The Bank of Ghana (BoG) has responded to claims made by former President of the Volta Regional House of Chief, Togbe Afede XIV, to the effect that interest rate in Ghana is high, as erroneous and misleading.
According to the Central Bank, some issues raised by Togbe Afede XIV about the bank’s conduct of monetary policy and its governance structure is spurious.
“This is where the incidence on the fiscal is critical and why the Government of Ghana will have to pay a higher interest rate to borrow to service debt compared to the UK. The interest rate floor of the policy corridor are completely different for the two economies. And for that reason, the rate at which the Bank of Ghana’s Monetary Policy rate will be effective in helping manage liquidity and achieve the price stability objective, is constrained by the debt service cost and public sector borrowing requirement dynamics on interest rates”, it pointed out in a statement.
“It is therefore completely erroneous and misleading and spurious analysis to simplify the monetary policy stances comparison with just the overall debt-to-GDP comparison of two completely different economies with different fundamentals”, it added.
The Bank of Ghana further explained that the Ghanaian currency is not a reserve currency as compared to the United Kingdom’s Pounds Sterling which means sovereigns and central banks are keen on holding such assets as part of their reserves.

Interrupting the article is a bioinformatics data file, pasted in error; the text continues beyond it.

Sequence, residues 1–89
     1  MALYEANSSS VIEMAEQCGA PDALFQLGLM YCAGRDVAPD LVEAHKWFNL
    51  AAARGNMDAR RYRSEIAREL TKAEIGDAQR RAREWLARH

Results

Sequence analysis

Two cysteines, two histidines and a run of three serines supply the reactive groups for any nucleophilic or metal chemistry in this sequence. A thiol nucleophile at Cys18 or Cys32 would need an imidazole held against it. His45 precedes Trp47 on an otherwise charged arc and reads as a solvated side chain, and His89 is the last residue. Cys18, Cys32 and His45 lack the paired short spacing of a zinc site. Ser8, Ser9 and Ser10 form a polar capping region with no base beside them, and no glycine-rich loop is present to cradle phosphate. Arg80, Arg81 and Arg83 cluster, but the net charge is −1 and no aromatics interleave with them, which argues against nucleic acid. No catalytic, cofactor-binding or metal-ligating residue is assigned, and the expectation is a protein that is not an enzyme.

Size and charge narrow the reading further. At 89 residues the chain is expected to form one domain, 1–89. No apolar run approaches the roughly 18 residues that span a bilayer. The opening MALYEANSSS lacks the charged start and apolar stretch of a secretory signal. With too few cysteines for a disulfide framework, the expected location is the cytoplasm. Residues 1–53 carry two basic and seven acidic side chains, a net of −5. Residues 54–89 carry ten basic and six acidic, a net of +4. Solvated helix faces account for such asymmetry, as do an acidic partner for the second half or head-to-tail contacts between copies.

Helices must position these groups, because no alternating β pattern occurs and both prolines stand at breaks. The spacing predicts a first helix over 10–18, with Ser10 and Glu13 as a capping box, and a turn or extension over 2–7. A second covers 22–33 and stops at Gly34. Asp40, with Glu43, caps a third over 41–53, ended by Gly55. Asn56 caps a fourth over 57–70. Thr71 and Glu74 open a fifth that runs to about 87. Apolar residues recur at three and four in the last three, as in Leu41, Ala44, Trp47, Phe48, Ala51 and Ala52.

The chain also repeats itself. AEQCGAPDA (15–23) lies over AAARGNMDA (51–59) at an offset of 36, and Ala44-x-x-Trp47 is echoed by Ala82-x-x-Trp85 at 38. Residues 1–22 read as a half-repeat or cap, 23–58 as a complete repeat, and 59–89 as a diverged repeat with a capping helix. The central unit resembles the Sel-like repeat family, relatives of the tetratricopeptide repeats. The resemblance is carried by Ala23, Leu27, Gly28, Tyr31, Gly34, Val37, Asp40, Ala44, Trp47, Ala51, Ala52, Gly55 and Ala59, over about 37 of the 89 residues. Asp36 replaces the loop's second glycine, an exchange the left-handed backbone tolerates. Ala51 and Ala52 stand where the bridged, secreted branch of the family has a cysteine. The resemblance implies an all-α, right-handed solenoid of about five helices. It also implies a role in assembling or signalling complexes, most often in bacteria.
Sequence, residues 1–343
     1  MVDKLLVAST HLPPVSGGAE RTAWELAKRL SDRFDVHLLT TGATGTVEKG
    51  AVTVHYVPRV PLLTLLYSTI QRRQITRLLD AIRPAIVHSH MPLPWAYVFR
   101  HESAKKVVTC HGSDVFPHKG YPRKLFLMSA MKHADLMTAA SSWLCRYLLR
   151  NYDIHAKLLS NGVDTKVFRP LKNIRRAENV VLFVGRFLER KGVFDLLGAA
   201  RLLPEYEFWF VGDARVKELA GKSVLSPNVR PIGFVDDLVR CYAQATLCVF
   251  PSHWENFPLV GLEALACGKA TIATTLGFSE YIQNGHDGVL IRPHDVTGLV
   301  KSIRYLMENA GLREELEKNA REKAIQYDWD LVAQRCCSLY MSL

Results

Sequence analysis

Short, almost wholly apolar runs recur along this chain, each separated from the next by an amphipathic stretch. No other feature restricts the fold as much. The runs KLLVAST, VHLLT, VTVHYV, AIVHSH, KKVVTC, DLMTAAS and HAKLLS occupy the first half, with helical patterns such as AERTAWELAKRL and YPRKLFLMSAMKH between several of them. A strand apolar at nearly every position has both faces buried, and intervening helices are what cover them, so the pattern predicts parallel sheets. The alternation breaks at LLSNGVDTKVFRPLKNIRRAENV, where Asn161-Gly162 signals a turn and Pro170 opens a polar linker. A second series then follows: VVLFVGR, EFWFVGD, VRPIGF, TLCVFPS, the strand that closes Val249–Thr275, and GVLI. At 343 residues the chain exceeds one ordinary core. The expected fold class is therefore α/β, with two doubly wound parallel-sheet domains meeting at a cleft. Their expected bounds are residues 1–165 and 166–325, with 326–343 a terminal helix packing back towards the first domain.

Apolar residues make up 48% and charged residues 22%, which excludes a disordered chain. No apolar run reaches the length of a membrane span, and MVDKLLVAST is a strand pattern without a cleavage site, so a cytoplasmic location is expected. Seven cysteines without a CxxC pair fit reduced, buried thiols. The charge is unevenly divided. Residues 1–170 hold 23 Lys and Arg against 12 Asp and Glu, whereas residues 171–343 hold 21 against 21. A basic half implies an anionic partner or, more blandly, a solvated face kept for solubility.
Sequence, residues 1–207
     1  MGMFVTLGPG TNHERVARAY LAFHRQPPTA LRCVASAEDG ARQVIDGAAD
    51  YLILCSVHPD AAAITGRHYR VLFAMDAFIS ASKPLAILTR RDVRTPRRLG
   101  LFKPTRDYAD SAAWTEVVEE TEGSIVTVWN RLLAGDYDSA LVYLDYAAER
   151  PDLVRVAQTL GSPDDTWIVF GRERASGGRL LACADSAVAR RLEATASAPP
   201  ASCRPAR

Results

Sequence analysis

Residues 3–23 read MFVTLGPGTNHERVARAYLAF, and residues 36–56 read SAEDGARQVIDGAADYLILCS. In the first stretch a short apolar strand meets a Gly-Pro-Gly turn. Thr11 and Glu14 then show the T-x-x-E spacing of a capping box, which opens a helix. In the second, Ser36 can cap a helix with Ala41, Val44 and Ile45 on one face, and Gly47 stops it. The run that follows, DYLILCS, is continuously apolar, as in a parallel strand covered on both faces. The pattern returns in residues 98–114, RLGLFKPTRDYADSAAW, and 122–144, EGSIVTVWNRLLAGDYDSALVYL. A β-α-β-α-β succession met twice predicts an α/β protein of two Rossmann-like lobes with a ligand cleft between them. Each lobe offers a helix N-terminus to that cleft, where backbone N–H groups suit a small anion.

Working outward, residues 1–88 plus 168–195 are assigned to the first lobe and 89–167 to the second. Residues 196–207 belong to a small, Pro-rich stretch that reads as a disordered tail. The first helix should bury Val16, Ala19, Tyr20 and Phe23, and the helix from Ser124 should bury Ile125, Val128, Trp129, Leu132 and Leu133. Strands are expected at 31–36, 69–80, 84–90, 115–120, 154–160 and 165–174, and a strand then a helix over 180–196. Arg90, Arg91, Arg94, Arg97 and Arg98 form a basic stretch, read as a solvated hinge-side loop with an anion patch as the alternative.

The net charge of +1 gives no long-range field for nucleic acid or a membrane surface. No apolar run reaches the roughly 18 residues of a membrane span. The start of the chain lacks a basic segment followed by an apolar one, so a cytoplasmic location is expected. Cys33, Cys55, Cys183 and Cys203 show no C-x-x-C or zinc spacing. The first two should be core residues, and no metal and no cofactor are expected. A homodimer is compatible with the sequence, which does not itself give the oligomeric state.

Togbe Afede XIV also said Ghana would have to pay premiums resulting in the issuance of debt at a higher cost because the cedi is not convertible.
But the Bank of Ghana argued that ”it is important to bring other perspectives in context to show why the analysis in the said article can at best be generously described as spurious. It is also important to note that the UK debt is highly printable.”
“For this very reason, the UK Government is able to issue debt at a lower cost to support monetary policy conduct. This argument does not hold for only the Pounds Sterling but for all SDR basket of currencies like the US dollar, Japanese Yen, the Euro etc”.
It explained further than “the Ghana Cedi is not yet convertible even in the sub region and let alone considered as a reserve currency. What this means is that in order to attract inflows Ghana will have to pay a premium, resulting in the issuance of debt at a higher cost”.
Source: James Eshun